The Queensland Government has given its support to a series of new laws that increase the maximum fines the state can give to mining operators who fail to adequately protect their workers.
The state government has made changes to the Coal Mining Safety and Health Act and the Quarrying Safety and Health Act (both signed into law in 1999) to impose stricter penalties on mine owners.
Inspectors will now be empowered to issue out-of-court fines of up to A$130,550 for what the government calls “serious” health and safety breaches, and companies taken to court for negligence can now face fines of up to A$3.9m. Individuals found guilty of breaking the law can be fined up to A$783,300, or be imprisoned for up to three years.
“This helps to protect those who work, day after day managing the unique hazards and risks of mining, and the social fabric of families and communities around our mining workers,” said mines minister Dr Anthony Lynham. “It also helps to bolster the reputation of the mining industry which forms a substantial part of Queensland’s economic prosperity.”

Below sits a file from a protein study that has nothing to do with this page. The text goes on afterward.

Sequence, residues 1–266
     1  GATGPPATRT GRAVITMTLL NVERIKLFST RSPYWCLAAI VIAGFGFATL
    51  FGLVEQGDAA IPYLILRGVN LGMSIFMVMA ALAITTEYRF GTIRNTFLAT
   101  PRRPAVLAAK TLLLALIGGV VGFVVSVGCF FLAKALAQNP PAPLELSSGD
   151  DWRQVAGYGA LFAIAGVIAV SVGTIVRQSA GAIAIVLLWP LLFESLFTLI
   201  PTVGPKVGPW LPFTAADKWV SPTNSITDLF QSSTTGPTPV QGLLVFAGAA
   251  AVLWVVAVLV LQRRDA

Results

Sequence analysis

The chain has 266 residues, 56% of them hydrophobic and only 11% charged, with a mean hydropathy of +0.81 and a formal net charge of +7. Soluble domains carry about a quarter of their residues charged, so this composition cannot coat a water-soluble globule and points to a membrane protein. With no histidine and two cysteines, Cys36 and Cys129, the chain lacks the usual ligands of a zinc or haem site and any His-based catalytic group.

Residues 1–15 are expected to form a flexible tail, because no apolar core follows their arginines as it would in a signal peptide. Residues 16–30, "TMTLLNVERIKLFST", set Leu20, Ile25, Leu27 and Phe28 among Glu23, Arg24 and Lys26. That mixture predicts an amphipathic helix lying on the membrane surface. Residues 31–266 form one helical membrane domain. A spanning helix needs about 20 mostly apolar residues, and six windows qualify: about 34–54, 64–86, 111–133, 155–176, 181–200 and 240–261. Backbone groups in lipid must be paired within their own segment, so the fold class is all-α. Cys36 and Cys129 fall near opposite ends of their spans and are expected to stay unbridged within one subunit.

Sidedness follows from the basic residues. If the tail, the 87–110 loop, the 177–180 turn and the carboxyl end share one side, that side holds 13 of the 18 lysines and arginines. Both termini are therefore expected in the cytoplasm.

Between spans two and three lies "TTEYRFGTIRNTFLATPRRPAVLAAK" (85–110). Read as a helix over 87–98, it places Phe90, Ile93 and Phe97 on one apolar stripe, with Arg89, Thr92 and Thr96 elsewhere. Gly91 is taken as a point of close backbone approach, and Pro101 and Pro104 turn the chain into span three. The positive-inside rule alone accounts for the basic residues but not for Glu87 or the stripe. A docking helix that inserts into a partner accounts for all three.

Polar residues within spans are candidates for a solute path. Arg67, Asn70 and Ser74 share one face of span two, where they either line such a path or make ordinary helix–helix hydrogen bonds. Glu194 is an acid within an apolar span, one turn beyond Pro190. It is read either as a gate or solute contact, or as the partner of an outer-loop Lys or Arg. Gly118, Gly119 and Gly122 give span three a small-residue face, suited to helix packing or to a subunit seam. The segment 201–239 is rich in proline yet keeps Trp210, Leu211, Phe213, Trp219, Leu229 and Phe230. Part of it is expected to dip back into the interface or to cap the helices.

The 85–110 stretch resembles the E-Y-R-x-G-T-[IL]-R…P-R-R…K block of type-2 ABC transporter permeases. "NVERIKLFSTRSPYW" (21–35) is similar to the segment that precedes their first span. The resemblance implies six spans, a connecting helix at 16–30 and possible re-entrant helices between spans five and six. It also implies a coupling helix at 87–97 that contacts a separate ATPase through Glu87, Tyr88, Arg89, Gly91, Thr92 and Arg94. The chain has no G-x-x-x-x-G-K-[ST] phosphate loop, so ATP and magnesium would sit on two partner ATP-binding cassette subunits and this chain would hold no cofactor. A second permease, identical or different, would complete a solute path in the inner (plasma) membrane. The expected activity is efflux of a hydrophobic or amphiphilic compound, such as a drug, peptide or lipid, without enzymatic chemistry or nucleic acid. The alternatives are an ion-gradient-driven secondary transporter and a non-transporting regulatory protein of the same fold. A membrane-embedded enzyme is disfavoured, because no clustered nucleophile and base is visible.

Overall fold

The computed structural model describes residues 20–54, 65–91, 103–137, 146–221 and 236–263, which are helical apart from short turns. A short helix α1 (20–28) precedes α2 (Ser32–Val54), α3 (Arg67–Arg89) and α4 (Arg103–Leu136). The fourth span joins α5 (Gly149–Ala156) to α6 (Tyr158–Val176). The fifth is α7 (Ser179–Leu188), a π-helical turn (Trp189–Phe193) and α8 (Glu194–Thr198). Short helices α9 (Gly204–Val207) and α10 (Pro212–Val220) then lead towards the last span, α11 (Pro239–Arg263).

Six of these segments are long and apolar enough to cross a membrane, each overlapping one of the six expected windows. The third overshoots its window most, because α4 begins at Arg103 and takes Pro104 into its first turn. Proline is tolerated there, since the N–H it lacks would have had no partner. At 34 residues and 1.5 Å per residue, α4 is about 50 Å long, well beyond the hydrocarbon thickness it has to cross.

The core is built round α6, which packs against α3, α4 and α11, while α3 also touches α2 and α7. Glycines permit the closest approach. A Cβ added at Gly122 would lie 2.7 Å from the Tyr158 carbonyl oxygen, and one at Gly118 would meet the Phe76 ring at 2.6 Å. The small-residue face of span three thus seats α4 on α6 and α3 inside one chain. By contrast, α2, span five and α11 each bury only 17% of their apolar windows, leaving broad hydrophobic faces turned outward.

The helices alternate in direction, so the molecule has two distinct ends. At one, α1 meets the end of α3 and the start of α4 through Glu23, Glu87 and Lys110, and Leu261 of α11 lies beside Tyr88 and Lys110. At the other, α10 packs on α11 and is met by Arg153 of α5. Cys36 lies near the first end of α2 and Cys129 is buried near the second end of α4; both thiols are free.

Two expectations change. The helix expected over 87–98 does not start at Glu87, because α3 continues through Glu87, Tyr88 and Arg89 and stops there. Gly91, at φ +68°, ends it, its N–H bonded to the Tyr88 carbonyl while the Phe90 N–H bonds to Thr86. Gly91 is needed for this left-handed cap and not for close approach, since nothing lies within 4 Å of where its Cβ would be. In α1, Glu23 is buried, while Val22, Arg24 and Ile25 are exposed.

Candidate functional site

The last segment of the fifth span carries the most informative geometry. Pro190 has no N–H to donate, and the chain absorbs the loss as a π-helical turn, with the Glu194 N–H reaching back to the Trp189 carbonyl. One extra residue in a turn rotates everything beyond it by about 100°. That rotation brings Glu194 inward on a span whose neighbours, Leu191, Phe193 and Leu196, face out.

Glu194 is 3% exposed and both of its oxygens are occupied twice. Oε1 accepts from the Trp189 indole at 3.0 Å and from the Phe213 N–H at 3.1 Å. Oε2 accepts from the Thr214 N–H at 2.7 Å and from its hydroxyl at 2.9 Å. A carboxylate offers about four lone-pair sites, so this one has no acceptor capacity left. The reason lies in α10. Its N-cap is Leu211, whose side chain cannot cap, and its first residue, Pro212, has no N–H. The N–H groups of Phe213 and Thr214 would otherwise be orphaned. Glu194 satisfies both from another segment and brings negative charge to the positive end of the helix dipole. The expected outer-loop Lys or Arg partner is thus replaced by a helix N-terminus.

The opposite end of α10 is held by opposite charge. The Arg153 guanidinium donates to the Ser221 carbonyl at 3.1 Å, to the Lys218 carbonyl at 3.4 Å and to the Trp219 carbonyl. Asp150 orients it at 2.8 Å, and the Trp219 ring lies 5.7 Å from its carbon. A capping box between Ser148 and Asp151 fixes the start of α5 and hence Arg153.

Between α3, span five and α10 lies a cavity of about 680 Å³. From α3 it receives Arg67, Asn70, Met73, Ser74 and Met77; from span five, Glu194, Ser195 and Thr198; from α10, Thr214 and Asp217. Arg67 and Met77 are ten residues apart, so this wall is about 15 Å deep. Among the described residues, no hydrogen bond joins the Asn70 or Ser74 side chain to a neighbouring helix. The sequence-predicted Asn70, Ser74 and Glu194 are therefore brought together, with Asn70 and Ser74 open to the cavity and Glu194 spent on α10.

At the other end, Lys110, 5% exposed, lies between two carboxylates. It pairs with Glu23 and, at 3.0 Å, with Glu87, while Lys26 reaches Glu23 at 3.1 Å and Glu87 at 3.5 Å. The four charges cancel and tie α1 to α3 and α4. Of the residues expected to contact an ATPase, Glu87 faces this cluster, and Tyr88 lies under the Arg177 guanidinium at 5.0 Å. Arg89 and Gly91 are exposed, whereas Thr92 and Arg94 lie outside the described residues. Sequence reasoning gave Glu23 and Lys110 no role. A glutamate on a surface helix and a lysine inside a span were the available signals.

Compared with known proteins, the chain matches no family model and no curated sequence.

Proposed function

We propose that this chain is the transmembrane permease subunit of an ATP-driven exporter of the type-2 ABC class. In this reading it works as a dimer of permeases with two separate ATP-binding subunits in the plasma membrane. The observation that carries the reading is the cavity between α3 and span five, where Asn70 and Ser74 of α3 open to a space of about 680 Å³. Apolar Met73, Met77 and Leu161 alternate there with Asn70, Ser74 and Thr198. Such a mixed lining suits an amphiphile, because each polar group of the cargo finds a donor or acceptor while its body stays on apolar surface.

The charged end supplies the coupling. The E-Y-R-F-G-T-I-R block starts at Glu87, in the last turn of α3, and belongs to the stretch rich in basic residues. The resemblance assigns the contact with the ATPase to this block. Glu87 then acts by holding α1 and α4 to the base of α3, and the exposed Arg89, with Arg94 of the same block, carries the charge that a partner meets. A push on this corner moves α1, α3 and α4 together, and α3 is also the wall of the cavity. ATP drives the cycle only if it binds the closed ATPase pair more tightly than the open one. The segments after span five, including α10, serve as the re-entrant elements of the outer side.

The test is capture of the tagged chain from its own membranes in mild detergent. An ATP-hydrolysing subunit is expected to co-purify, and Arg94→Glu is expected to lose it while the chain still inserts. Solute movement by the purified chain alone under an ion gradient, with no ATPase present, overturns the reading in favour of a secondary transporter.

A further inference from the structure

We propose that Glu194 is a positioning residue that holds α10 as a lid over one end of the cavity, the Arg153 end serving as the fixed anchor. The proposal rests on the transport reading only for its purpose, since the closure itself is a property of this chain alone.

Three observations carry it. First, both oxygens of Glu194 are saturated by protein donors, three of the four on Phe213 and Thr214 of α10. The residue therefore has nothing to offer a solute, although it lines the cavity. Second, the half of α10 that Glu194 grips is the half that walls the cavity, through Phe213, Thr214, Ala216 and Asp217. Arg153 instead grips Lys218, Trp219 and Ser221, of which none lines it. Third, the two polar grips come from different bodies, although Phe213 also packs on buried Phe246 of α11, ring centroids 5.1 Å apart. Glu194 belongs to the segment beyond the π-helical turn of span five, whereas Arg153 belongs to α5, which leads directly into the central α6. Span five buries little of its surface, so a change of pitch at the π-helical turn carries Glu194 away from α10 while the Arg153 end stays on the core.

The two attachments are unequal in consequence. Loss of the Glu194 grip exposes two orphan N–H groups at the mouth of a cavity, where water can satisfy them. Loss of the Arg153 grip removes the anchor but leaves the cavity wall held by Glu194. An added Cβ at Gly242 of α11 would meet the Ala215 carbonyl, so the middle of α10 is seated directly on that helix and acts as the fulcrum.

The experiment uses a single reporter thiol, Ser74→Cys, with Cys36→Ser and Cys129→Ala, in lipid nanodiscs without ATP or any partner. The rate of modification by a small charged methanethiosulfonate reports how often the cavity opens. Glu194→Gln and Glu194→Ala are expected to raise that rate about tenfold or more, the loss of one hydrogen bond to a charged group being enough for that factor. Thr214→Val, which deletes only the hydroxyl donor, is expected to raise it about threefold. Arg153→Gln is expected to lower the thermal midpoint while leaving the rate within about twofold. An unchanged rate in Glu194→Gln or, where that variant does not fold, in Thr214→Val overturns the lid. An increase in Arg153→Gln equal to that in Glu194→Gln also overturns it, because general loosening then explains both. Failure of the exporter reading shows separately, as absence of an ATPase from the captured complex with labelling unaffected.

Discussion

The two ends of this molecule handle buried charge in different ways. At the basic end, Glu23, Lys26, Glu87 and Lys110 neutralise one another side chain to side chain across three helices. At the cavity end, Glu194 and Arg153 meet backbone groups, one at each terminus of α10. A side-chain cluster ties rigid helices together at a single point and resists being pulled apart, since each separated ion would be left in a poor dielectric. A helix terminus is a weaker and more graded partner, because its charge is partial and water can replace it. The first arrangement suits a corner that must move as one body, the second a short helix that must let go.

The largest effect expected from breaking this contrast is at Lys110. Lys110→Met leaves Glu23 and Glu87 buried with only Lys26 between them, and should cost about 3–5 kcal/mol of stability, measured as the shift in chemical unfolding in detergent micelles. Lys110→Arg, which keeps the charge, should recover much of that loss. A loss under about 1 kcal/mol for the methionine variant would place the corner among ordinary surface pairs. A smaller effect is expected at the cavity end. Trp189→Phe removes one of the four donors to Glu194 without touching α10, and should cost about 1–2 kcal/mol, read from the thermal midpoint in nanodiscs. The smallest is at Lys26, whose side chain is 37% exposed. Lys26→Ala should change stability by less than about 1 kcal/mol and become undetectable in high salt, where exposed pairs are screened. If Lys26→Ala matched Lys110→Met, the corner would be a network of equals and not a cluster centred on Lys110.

The new laws also empower the state government to suspend certificates of competency in the case of health and safety breaches, require mine operators to provide training to ventilation officers, and add “health surveillance” to the aims of the 1999 acts to ensure potential health and safety risks can be monitored and identified quickly, to minimise danger to workers.
The announcement follows mixed years for Queensland’s mining sector. According to the government’s annual health and safety report, the number of days lost to lost time injuries in mines and quarries fell from 13,392 in 2015-16 to 8,608 in 2016-17. The number of permanent incapacities fell significantly from 87 to 31 across the same period.
However, there were increases in the raw number of lost time injuries, which rose from 266 to 269, as well as serious accidents, up from 65 to 75.
The number of fatalities also increased from zero to two over this period, with both occurring at surface operations.
Additionally, several accidents involving heavy equipment have been reported in the state this year, including a worker trapped in a conveyor belt at Glencore’s Collinsville mine in February, and a vehicle collision at the Batchfire-owned Callide project in March.
While none of these accidents resulted in deaths, Lynham announced a commitment to tightening up safety regulation in response to the dangers posed by technology and machinery.
“Mine sites have transformed significantly in the last 20 years, with more automation and technology and more specialist contractors from numerous companies on site at any one time to manage these systems.”
Mining Technology’s Mining Safety content is supported by USA mining safety specialists Carroll Technologies Group.